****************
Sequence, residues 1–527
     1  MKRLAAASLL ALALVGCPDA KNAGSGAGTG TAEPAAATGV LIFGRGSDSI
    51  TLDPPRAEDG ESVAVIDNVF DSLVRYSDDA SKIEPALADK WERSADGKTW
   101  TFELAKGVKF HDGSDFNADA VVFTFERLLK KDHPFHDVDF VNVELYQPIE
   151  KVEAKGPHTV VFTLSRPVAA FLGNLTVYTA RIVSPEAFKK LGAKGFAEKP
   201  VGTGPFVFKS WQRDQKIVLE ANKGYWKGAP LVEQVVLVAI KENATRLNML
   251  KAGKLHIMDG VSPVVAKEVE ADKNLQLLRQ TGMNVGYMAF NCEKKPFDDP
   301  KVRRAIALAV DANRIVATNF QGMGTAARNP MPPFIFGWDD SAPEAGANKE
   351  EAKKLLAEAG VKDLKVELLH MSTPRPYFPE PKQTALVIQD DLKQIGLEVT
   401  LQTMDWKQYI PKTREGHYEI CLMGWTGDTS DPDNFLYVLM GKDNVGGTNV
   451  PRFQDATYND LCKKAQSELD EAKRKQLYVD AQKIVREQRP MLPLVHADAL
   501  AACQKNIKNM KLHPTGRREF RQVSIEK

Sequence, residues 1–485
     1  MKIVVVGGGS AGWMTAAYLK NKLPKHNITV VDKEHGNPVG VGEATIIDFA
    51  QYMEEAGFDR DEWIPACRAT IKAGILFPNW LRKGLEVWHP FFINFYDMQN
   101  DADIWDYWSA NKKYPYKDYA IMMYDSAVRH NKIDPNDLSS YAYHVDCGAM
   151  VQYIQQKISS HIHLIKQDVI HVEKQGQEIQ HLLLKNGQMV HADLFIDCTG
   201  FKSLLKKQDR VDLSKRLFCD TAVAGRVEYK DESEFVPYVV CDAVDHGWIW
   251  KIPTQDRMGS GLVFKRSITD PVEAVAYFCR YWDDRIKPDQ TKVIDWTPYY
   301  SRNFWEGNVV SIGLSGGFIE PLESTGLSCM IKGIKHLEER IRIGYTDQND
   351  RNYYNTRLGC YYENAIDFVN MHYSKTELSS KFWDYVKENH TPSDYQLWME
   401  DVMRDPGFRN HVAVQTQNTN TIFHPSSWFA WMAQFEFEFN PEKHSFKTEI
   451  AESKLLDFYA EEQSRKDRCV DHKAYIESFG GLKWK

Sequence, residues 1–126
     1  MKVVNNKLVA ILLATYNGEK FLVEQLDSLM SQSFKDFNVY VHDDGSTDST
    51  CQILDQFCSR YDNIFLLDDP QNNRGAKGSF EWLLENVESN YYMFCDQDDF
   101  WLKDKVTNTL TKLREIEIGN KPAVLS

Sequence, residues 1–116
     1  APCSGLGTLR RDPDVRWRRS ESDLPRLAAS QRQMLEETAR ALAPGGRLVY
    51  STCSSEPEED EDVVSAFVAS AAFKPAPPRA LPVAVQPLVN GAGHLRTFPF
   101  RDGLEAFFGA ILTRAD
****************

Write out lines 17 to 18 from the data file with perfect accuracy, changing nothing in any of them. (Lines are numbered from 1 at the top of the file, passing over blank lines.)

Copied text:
   151  VQYIQQKISS HIHLIKQDVI HVEKQGQEIQ HLLLKNGQMV HADLFIDCTG
   201  FKSLLKKQDR VDLSKRLFCD TAVAGRVEYK DESEFVPYVV CDAVDHGWIW